The Pioneer Winery is a family-owned winery that sells grape and fruit wines that are produced and bottled locally. In the store, they feature wine tasting, wine sales, and gift baskets. You can see a range of wines from Chardonet to "Moonlight on the Wabash" Muscadine Wine. But their specialty is Pioneer Pride", a traditional Midwest Concord wine...more
My sister and I visited The Rocking Horse LTD for the second time. The first time was about seven years ago. At that time, the Main Street of Palestine was just getting started with its revitalization, and this store was one of the first to "take a change" in such a small town.The merchandise really impressed me, and I purchased a lovely Tea Pot ...more
When I was a kid living just 7 miles away and pouring Mullen's imitation French Salad Dressing on my salads, I had no idea where it was made. My Dad, Ross O. Wood, just loved this dressing and always griped about other French dressings when he would eat out at restaurants. Well, all it took was for me to grow up, return to this area to discover the...more
Palestine is an active community who loves to celebrate. Here are some of the celebrations and festivals that I discovered:There is a Crawford County Arts Spring at the Fife Opera HouseThe Lion's Club Fish Fry is held on Memorial Day at the Lion's shelter in Leaverton Park.The Betsey Reed Festival is held on Main Street in June [see tip about the...more
The Central Wabash Archaeological Chapter has so far unearthed thousands of artifacts of the local soil of Crawford County. They have been searching for Fort LaMotte in PALESTINE and have discovered an Indian village known to have existed near the original Fort LaMotte site.
This area is known as the Morris/Ellis Site and we now know that it had been inhabited by several different Indianan tribes since 1000BC! They found artifacts, necessities, and tools that have been preserved because of the minerals found in river mussels that the native Indians used in everyday life.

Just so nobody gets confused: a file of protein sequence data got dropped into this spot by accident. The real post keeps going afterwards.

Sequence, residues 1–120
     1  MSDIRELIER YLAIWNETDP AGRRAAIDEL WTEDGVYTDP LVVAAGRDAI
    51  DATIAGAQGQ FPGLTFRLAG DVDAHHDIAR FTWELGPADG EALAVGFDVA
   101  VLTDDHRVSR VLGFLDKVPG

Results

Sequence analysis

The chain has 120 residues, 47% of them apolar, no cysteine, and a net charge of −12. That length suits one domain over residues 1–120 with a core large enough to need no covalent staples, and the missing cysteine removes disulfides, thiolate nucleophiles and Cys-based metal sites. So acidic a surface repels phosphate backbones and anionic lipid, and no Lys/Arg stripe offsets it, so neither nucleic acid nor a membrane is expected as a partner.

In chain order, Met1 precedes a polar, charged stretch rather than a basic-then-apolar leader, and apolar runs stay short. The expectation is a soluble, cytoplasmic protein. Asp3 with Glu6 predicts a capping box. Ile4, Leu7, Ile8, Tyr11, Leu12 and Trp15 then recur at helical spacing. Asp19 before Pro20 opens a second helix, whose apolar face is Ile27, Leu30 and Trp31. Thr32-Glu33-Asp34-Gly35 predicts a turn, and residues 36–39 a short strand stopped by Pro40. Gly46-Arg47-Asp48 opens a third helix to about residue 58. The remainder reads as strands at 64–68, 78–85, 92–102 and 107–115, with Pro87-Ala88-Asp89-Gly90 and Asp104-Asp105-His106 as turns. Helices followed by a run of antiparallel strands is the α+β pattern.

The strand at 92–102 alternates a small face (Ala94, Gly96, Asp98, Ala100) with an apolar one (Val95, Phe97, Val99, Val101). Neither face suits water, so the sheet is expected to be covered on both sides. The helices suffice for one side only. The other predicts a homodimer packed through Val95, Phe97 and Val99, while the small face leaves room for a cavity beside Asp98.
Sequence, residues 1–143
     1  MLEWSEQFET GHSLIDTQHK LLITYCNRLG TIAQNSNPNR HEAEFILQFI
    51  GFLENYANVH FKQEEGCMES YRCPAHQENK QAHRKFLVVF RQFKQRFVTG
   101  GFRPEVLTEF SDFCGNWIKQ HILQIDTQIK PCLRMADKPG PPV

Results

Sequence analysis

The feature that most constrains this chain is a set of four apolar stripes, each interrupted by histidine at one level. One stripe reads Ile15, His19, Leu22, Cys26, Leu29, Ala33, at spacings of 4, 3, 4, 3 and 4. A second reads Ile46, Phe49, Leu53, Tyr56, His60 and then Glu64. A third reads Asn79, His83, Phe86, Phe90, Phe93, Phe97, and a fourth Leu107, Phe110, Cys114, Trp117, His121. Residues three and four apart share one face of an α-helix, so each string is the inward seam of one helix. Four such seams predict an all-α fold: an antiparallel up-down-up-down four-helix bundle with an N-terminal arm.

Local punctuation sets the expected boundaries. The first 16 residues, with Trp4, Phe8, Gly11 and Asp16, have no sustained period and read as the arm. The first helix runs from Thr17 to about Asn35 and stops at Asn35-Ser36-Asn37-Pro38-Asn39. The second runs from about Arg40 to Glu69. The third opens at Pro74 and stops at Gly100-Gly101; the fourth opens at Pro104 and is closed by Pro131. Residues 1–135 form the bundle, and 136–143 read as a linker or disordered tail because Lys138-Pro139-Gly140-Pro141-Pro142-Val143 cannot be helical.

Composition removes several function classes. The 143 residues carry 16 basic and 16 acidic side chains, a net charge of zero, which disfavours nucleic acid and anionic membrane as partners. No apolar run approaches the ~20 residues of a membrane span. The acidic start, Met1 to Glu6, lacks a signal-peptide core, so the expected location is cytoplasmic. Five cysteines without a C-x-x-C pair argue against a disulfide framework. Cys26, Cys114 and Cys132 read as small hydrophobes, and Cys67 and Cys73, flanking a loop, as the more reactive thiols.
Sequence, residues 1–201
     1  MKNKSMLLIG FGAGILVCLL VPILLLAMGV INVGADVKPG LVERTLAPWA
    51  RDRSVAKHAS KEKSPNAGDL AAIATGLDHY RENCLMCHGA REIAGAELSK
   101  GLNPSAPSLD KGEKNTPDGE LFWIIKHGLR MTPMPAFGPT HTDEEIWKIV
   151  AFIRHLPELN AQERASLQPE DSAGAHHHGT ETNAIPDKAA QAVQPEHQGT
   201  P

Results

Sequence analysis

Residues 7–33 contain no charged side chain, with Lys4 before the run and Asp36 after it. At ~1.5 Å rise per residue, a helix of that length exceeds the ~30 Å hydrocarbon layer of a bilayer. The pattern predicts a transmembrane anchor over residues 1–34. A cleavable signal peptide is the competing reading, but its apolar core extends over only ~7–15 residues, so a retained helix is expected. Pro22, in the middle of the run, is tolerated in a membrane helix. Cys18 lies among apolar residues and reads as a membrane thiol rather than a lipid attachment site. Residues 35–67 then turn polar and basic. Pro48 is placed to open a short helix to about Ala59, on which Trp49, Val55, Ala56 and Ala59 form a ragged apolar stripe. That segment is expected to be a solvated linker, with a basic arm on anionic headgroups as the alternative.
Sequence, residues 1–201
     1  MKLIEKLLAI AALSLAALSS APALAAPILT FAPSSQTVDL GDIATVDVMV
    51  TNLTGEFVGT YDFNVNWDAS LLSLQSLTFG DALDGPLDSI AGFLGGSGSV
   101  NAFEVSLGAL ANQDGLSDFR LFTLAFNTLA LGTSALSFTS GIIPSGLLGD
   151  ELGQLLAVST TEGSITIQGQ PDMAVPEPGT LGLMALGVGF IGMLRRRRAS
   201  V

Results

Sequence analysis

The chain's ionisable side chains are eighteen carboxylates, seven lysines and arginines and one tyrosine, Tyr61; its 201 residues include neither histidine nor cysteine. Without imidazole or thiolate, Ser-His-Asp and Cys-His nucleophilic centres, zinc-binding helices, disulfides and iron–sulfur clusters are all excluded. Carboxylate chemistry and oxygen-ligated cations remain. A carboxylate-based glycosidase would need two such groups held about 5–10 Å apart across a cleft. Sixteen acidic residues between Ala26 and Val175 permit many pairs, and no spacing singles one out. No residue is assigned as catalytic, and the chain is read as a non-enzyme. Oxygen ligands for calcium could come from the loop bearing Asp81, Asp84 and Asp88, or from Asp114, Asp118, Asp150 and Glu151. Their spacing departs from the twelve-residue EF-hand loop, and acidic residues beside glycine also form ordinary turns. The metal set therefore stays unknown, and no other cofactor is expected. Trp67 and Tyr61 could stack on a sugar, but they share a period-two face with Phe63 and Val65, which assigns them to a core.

If you would like to see any of these artifacts of this dig, you can see them at the Village Framery in Palestine on Main Street.
The excavation of the Indian Village has come to a close; however the search still continues for the 1812 era settler fort, Fort LaMotte.
I think that some people need to be convinced about visiting such a small village in such an out-of-the-way location. But, I feel that there are many reasons why you SHOULD visit:1. Palestine has worked diligently to revive its Main Street with its "turn-of-the-century structures, quaint specialty shops, Antique shops, restaurants, festivals, and,...more
I just happened to have discovered this Historic Marker as my sister and I were driving around Palestine looking for interesting sights/sites. It's located at South Pike Street and Grand Prairie Street.I got out of my car to look closely at what it said. When I read it, I knew that I needed a photograph. Here is what the Historic Marker reads:GOV....more
When I visited Palestine in May of 2008, I had a good laugh when I saw this banner stretched across Route #33 at Main Street. Being from Chicago for the last 46 years, I've never seen or heard anything about Coonhunters. Well, what I discovered was that the National Bluetick Breeders of America [that's a kind of dog that hunts coons] would be in...more